Persian Eco Home Building
Jennifer Lance in Green Options
These homes in the ancient city of Maymand, Shahr-e Babak, Kerman-Iran were carved into living rocks 12,000 years ago, representing the peaceful coexistence of man and nature. The underground homes protect inhabitants from extreme cold or heat in the desert. See more photos: Fars News Agency
-Edge Cardboard Interior in Greece
Mike Chino in Inhabitat
We love this beautifully sculpted cardboard mille-feuille that lines the walls of Yiorgos Eleftheriades‘ Yeshop in Athens. Dubbed “Papercut”, the project was a collaboration between the fashion designer and dARCH Studio. It takes a multidisciplinary approach to interior design, synthesizing elements of fashion and architecture into a streamlined, self-illuminated, biomorphic installation that was handmade using all eco-friendly materials.
The Storefront is getting a little 'military urbanism' makeover
Bryan Finoki in Subtopia
I’ve always loved how the Storefront for Art and Architecture looks like a subtle inner-city bunker right there in Soho, and how transformative it is by both day and night when it all zips up and innocuously reabsorbs itself into the veneer of the sidewalk corner space again. My dream home functions like this, too!
An upcoming installation at the gallery instantly makes me realize how intensely I miss New York City (in fact, I’m dying – dying – to get back there), namely because the only real time I spent there thus far was for Postopolis! where Joseph put me under a wicked spell that I hope never releases me from its urban grip. All I can say now is – I sure do miss that city, the Storefront, and just hanging out with everyone there. Man! It’s ridiculous I have not been out there since. It’s hellish, actually.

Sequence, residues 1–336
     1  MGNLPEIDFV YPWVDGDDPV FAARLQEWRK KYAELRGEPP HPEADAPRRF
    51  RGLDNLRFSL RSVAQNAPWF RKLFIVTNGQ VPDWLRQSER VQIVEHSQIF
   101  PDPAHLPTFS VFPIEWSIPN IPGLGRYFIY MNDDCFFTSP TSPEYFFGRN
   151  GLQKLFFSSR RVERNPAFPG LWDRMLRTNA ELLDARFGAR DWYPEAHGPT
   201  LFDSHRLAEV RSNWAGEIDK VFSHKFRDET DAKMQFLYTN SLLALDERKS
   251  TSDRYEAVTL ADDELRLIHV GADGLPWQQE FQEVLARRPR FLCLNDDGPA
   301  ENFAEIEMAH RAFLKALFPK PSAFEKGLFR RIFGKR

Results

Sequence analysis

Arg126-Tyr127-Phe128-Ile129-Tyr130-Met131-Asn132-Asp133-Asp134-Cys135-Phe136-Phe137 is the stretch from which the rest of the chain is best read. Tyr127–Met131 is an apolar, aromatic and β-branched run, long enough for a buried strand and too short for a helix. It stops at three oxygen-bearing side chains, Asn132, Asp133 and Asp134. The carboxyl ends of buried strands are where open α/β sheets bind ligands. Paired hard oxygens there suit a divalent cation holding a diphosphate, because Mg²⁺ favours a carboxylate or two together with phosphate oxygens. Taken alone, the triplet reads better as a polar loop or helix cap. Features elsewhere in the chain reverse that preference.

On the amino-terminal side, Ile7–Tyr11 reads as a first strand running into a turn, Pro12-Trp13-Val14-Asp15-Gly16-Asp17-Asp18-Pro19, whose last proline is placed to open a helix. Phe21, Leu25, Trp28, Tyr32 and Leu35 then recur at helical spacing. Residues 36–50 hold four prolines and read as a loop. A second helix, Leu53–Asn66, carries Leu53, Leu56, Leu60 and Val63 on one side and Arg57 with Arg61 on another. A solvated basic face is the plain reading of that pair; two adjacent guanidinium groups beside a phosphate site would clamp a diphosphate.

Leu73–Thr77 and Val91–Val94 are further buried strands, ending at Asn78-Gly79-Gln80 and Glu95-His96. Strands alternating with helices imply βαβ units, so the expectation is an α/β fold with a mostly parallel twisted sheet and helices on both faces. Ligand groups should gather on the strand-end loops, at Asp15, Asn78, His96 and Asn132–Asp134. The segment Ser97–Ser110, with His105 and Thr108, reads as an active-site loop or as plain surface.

Asks "What To Do With A Shrinking City?"
ASLA.org - The Dirt
Here's a fascinating problem for the urban design crowd: Youngstown, Ohio, has lost nearly 100,000 of its citizens since the 1970s. The current city is plagued with an excess of infrastructure and does not have the tax base to pay for its upkeep. Now the city has pinned its hopes on "Youngstown 2010" a "comprehensive plan to reduce nonessential infrastructure, attract new businesses, and rehab deteriorated and abandoned spaces." Metropolis magazine covered the plan in late 2006 in "The Incredible Shrinking City." Anyone been to Youngstown recently and want to report on how the town is doing? Sound off in the comments!
Smog Eating Eco House in Cyprus
Mike Chino in Inhabitat
This striking modern structure cuts a profile every bit as sleek as it is streamlined for efficiency. It is composed of four single family units joined by a flowing fusion of glass and “smog-eating” photo-catalytic concrete, creating a series of separate yet structurally connected spaces. Italian architects Iosa Ghini Associati designed the residence to integrate seamlessly into its sweeping Mediterranean landscape, and its airy day-lit interiors benefit from a slick set of green features including adjustable solar panels, rainwater recycling, and a heat storage system.
Harry in MoCo Loco